India’s Gross Domestic Product (GDP) of an average annual growth rate in the last 4-5 years has been an ‘incredibly high’ 15%-plus, in dollar terms, according to Arvind Panagariya, professor of Indian political Economy and economics at Columbia University . Panagariya reckons that India’s Economy would equal the size of the US Economy in two decades by growing from the present $1.2 trillion level to $18 trillion .
“India has witnessed an 8-9% growth on an average in the last 4-5 years. But the rupee has also appreciated by 6-7% on an annual basis during the same time. Therefore, if the growth is calculated in real dollar terms, then the growth of the Indian Economy would be 15% and this is an incredibly high number,” Panagariya said in the Capital on Friday. “India’s economic growth will be sustained and would even jump to 10-11% if reforms are continued in earnest,” he said.
To sustain such growth levels, Panagariya emphasised the need for reform of labour laws and the power sector to make a perceptible dent in reducing the number of people dependent on agriculture and moving them on to non-agricultural, industrial activities.
“The slow transformation of the Economy to date is attributed to the slow growth of industry, especially manufacturing. The share of manufacturing in the total output of India has remained stagnant at 17% since 1990-91,” he said. This can be attributed to the slow growth of the unskilled labour intensive sectors like apparel, footwear and toys, in which India has a comparative advantage, he said. On the other hand, China was able to pull a large number of people out of agriculture into these non-agriculture and employment intensive industrial sectors.
Columbia University’s resident Indian expert in his latest book ‘ India :The Emerging Giant’, calls for a slew of sweeping reforms to unshackle the country’s potential. Consider a sampling of his key ideas—increase foreign direct investment cap in insurance, privatise banks in a phased manner, repealthe Essential CommoditiesAct, end government monopoly over agricultural produce marketing, allow lateral entry of specialists in the civil service, replace the Indian Telegraph Act, end fertiliser, electricity and water subsidies and implement the new bankruptcy law at the earliest. Though compelling, the measures will take some doing in the prevailing political climate.
However, he is cautious about full capital account convertibility as the potential costs in case of a financial flow crisis are... large. Two areas in which progress remains elusive to date, he says, are rural roads and urban infrastructure, including urban transportation. On Laloo Prasad Yadav’s performance in railways, he notes that progress is unlikely to be sustained unless a significant portion of railway operations are subject to commercial pressures.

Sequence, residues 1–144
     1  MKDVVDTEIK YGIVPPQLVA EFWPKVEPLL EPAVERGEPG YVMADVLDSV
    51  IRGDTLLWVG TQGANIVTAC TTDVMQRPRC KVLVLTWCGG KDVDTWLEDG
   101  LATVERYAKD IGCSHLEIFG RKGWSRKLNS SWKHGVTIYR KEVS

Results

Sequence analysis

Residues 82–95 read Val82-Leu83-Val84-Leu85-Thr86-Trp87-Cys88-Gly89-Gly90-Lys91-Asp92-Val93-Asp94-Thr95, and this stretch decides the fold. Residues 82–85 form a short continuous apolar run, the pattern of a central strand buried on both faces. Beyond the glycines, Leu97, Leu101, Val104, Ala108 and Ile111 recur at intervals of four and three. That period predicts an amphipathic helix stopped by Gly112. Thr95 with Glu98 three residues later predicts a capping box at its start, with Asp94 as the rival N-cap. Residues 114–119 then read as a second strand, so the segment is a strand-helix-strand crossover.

In the context of the ongoing slowdown in the United States , Panagariya said his view of India was optimistic, as the country’s savings rate has risen from 29.7% of GDP in 2003-04 to 32.4% in 2005-06. Also gross investment during the same period rose from 28% to 33.8% of the GDP. Pointing out that India 's private corporate savings also rose from 4.7% of GDP to 8.1% over the same period, he said he was confident that in the near future it would increase to the Chinese levels of 29% in 2005. “Given the stability of the rupee in terms of the dollar, the progress achieved in dollar terms so far will be largely preserved rather than reversed by a massive depreciation,” he says.
Panagriya’s rosy growth calculation of the GDP in current dollar terms at the market exchange rate is obtained by dividing the GDP at current consumer goods prices in rupees by the exchange rate, as his book explains. GDP in current rupees has grown at extremely high rates and the value of rupee against the dollar has increased by 9.3% during the three years since 2002-03.
India ’s GDP rose from $506 billion in 2002-03 to $806 billion in 2005-06, representing a 59% growth. “The annual growth rate of GDP in current dollars during 2003-06 turns out to be a whopping 16.8%. Allowing for 3% inflation in the US , this works out to a 13.8% annual growth in real US dollars,” he points out. If the growth rate could be sustained, the GDP in India would exceed the 2005 US GDP of $11.5 trillion in just 21 years.
The biggest challenge for India is to grow agriculture at 4-5%as its contribution to GDP was a mere 20% while 60-65% of the country's population was depended on it. There was urgent need to speed up reforms in agriculture as the long-term solution lay in bringing down the absolute number of labour force in agriculture.However, he pointed to poverty seeing a tangible decline in the last two decades compared to the first three and a half decades after independence.